Scripture: John 11:1-44

A Grief Journey.     Dave Rogalsky   May 2017


It may seem strange to begin with a sermon about grief, but I expect that many of you are at various places in grief around Pastor John Maine’s leaving Church of the Good Shepherd. So to begin, we are going to explore grief, and the sermon is full of my own story of a recent grief.

I want you to keep the story from John 11 in the back of your mind. What kind of grief was present there? How did Jesus relate to those who were grieving? Why did Jesus grieve?

The Story:

“It was here somewhere,” I said to my son Allan. “The Boese canning factory was over here, and over there was an orchard where we lived in our trailer until about 1962. It was near the dormitory for the workers. At least I think. I should ask Dad.” The Boeses were a Russian Mennonite entrepreneurial family who had opened and run several canning factories in the Niagara region. Dad was Peter Rogalsky. He and my Mom, Leona Unger, had both worked for the Boese’s in the late 1950s and early 60’s.

I should ask Dad.” But the reason my son and I were driving past the corner of Lake Street and Lakeshore Road in St. Catharines at 1:30 in the morning on July 11, 2015 was that we had just come from Dad’s deathbed in the Niagara Health System St. Catharines’ site. There was no more asking Dad anything.

I had trained myself to plan things to ask Dad for our weekly Monday evening calls. I had a difficult relationship with Dad, coming from abuse in my childhood. What that meant was that at first when I took up the task of calling him weekly the calls were short and difficult. Five minutes and I was done. But wouldn’t a Christian son, a minister no less! try to be in relationship with his Dad? So I began gathering questions of family, history, and for stories, so that the calls would be more grace filled. By the time he died I had the habit - but no one to ask. Over the months to come I came to see that when grief was more sharply focussed the thought of asking Dad would come more often.

When I began studying to be a pastor in the late 1970’s the study of grief was new. Through the years grief had been downplayed more and more, often removed from any public show. In any of you watch Downton Abby you’ll remember seeing the crepe armbands announcing grief in the early 1900’s. But over the years it was seen as maudlin, overworked, too public - so men, and often women, were expected to just go on with their day to day behaviour, keeping grief hidden and private. Elisabeth Kübler-Ross’s book On death and dying was published 1969. In it she was one of the first to discuss the five stages of grief: denial, anger, bargaining, depression and acceptance. Granger Westberg’s 1962 Good Grief listed ten stages: shock, emotion, depression, physical distress, panic, guilt, anger, resistance, hope, and acceptance. The focus on stages or steps of grief made it seem like grief was a linear process through which folk passed, moving from one step to the next. Finish one step and move on. It was possible to slide back into a previous stage, but this was seen as pathological. Someone who didn’t just keep on moving forward was sick. There was a recent article in the Waterloo Region Record which perpetuated such thinking.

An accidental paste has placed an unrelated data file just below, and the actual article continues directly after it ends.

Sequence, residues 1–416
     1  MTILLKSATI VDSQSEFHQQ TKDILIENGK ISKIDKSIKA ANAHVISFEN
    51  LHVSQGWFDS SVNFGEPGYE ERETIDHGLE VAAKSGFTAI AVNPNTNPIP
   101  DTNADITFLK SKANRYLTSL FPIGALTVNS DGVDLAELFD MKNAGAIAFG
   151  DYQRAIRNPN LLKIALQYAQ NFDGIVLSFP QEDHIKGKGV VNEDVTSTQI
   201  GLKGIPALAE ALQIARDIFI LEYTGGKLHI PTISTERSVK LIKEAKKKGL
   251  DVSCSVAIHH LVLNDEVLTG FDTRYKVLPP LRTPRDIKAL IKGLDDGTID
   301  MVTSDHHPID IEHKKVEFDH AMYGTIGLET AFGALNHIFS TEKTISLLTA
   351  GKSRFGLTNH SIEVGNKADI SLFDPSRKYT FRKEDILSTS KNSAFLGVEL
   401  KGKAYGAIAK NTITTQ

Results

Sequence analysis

In my years of ministry, and in observing friends and family, people do sometimes get stuck in grief. Counselling from professional caregivers, as well as patience and much love from both professional and lay caregivers can help a person resolve the complicated inner tangle which loss brings. Families and friends need to stick it out with people who are stuck, still often weeping years later at the grave side; not allowing the departed’s things to be moved or cleaned up. Think Miss Havisham in Charles Dickens’ Great Expectations, still grieving her lost wedding many years later, wearing the wedding gown and leaving the feast room set up for the party, food and all.

By the time I got to seminary in the late 1980’s we were seeing things in less staged, linear ways. People could cycle around through the various parts over and over again. Each person’s grief would follow its own path, taking varying amounts of time.

Differences in grieving in couples and among friends and family often bring disagreements and emotional turmoil in relationships as folk do not understand each other, or give each other room to journey through their grief in their own way and on their own schedule. These differences are seen as a key reason that so many marriages run into difficulties after the death of a child. The couple each mourns in their own way and do not understand their partner’s journey or walk alongside them with patience and love. After Annemarie and I experienced a miscarriage in the early 1980’s we had what I call the 100 kilometre fight. Driving from southern Ontario to Winnipeg about two months after the loss we argued for over an hour. Finally I stopped and we figured out that I was not understanding her need to continue to grieve. Little did I know that I too was grieving, albeit more subconsciously. In retrospect I now see many times in my adult life where I grieved but wasn’t aware of the emotions which I, and those around me, were experiencing. They received my anger and depression! When I left my first pastorate I later realized that I had allowed all my houseplants to die from lack of care. I see that now as the depression part of grief at work.